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Dan McDonnell on Making New Friends and Mastering Lesser-Known Twitter Features Without Third Party Apps

My name is Dan McDonnell and I am the Community Manager for the American Evaluation Association.

Since its conception, Twitter has seen dozens of third party applications sprout up to make new features and functionalities available to users. While these apps (such as Hootsuite, Tweetdeck, Buffer and others), do offer new and interesting toolsets in the way of Twitter monitoring and publishing, many of these features are available in the vanilla (basic) Twitter client. For today’s Saturday AEA365 post, we’ll cover a couple of quick hit Twitter tips on how to use these standard tools to unlock useful features and find new connections.

Hot Tip: Seek Influencers and Friends through Hashtags.

Have you been following any interesting hashtags lately (#eval, for instance)? Click the hashtag as it appears in your Twitter (or do a quick search for the hashtag) and follow users who appear on the ‘Top’ results list. Twitter’s algorithm populates this tab with Tweets that have caught the attention of other users, so you’ll easily find producers of great content that are liked and shared by other users.

In addition, try clicking the ‘People I’m Following’ tab on the search results page to see if anyone you are following is tweeting with the hashtag. You may find some unexpected connections with your followers!

Hot Tip: Connect with Fellow Attendees Before the Event.

Are you attending an event soon that has a hashtag? Use the above guide to see find other users tweeting in advance of the event, and give them a follow. Reach out and introduce yourself! You may run into them at the event, and that initial point of contact can put a name to a face, and create a lasting connection that goes beyond the event.

Hot Tip:
Check out New Followers, Suggested Users

Keep an eye on who is following you, and if they seem interesting, follow them! In all likelihood, a new follower discovered and followed you because of a shared interest, which makes for a great follow back. However, I’d caution against auto-following back anyone who follows you – this is a quick way to clutter your Twitter feed and make great tweets and users harder to see. Check out a handful of your potential new follow’s tweets and evaluate the content. (Keep in mind, any tweets that start with an @mention won’t appear in your normal Twitter feed unless you also follow that @mentioned user – more details in my last Twitter post). If it seems interesting or useful, follow away!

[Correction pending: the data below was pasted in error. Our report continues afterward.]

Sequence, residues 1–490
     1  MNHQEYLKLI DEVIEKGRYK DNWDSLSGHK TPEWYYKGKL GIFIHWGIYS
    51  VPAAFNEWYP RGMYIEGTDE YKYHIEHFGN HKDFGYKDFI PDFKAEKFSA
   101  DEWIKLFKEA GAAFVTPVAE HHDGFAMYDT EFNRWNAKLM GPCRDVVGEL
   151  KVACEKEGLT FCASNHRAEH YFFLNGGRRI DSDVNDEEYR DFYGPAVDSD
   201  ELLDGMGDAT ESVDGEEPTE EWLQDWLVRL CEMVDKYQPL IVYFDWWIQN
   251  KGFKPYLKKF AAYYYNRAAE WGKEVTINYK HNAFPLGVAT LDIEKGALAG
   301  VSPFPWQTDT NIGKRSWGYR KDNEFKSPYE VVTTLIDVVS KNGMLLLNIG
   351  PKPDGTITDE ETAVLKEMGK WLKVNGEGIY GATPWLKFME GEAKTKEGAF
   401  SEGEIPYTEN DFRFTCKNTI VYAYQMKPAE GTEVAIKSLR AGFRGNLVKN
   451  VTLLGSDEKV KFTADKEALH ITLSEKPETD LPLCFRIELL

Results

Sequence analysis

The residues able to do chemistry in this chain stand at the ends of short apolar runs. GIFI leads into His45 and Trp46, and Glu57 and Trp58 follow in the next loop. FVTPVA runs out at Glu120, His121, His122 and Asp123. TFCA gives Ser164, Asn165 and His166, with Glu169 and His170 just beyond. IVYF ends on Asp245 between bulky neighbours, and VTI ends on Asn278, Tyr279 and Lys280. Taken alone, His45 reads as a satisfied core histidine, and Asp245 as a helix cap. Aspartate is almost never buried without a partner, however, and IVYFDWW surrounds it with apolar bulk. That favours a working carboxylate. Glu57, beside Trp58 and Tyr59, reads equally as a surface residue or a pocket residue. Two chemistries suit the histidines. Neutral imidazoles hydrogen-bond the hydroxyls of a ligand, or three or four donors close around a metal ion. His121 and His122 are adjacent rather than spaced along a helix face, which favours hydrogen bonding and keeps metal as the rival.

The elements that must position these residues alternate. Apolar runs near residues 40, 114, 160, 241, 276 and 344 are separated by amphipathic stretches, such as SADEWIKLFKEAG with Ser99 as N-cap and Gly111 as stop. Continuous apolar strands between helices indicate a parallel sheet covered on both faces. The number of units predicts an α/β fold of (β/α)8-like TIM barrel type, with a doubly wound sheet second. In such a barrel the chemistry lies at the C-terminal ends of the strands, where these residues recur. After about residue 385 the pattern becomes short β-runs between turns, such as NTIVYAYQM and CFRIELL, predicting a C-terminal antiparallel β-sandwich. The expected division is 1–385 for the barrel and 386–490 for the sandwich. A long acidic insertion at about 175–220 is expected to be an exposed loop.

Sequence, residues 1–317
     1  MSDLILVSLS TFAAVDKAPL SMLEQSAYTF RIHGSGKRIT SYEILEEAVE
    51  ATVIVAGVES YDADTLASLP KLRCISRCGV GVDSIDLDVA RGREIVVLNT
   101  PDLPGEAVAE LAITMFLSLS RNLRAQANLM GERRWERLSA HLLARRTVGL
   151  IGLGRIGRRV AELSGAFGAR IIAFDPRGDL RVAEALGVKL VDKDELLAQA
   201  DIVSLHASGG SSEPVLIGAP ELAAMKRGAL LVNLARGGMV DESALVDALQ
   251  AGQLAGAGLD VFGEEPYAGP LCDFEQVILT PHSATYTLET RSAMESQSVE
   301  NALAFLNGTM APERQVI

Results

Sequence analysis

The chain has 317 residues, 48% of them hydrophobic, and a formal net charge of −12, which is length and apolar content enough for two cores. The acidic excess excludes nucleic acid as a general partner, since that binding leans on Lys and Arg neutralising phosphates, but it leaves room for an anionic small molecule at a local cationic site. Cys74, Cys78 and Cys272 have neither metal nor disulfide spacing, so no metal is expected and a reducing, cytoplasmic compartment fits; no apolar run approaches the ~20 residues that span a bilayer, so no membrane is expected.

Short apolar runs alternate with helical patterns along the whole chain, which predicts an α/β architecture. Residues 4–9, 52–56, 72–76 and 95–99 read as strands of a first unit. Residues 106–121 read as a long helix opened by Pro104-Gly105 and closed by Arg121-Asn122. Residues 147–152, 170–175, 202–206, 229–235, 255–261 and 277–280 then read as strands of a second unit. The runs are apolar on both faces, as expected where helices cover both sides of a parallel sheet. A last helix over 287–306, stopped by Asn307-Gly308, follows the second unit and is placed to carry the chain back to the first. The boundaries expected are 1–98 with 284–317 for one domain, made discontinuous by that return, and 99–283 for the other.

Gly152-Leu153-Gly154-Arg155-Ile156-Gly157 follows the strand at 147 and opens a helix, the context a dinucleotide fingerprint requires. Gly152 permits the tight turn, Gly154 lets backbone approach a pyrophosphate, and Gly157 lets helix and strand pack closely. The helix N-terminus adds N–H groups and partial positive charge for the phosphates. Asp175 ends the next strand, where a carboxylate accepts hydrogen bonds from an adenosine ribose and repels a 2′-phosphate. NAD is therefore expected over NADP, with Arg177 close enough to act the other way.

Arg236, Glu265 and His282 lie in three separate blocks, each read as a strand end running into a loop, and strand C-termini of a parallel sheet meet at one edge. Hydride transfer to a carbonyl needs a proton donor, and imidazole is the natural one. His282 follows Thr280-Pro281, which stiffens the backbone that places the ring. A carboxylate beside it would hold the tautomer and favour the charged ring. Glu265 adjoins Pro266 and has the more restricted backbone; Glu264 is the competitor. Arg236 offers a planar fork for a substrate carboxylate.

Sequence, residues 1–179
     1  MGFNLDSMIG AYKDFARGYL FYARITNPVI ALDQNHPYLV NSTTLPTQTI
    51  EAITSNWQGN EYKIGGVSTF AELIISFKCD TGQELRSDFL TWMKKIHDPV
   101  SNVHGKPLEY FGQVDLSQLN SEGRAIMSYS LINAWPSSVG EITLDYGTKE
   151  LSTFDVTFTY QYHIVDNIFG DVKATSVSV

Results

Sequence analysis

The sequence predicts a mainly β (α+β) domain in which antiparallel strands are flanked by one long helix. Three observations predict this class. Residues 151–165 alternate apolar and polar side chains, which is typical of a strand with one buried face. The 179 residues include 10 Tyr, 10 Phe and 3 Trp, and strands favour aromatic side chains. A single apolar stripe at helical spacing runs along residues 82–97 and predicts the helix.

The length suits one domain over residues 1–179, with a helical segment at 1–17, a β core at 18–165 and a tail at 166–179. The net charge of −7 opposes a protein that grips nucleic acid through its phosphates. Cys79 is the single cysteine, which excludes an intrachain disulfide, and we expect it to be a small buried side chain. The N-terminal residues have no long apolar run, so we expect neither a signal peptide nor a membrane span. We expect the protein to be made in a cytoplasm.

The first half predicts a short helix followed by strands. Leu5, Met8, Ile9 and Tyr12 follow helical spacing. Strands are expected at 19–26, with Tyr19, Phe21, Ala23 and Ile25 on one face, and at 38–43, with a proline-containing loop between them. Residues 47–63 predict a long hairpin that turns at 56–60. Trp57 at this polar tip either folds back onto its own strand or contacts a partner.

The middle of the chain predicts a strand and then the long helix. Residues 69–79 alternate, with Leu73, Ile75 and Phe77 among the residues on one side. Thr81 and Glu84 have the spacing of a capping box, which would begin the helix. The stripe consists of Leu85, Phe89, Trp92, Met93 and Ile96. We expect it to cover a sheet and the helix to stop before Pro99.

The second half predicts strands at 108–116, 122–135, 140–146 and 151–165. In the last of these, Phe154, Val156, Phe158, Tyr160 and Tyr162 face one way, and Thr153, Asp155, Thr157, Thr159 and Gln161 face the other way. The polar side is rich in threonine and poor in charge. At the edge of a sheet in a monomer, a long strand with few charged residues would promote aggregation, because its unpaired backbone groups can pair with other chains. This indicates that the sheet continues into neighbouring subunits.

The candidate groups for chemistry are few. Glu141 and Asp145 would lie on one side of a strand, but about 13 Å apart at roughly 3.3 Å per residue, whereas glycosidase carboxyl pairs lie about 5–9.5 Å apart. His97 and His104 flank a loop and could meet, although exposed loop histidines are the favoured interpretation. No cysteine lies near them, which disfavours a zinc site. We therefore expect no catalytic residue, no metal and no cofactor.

Another great way to find new followers is to use Twitters ‘Who to Follow’ feature in the left sidebar. Twitter will auto populate this box with suggested users, based on who you follow, your profile and Tweeting habits. Make use of the ‘Refresh’ or ‘View All’ buttons to scan a full list of new potential followers to add.

Hot Tip: Don’t Forget about the Discover Tab

The Discover tab (shaped like a hashtag/pound sign) on Twitter’s top navigation is another great resource for new connections. This feed shows recent activity of your followers, including popular tweets, breaking news, and interestingly, the tweets that your followers are favorite-ing.

You know how Facebook sometimes shows pages or posts that your friend has ‘liked?’ Think of this the same way- you’ll see tweets that users you follow have given their stamp of approval to, which will bring new Twitter users to your attention. Pretty cool.


Hot Tip: Add your interests to your Twitter profile to get followed.

Want to ensure that you show up in searches for your interests, and in the ‘Who to Follow’ box on the sidebar? Edit your Twitter profile to include the subjects you plan to tweet about the most. Not only does this ensure you show up in search, but it also helps set expectations for your followers on what content you’ll be tweeting about.

How do you find new, interesting users on Twitter to follow?

Do you have questions, concerns, kudos, or content to extend this aea365 contribution? Please add them in the comments section for this post on the aea365 webpage so that we may enrich our community of practice. Would you like to submit an aea365 Tip? Please send a note of interest to aea365@eval.org . aea365 is sponsored by the American Evaluation Association and provides a Tip-a-Day by and for evaluators.




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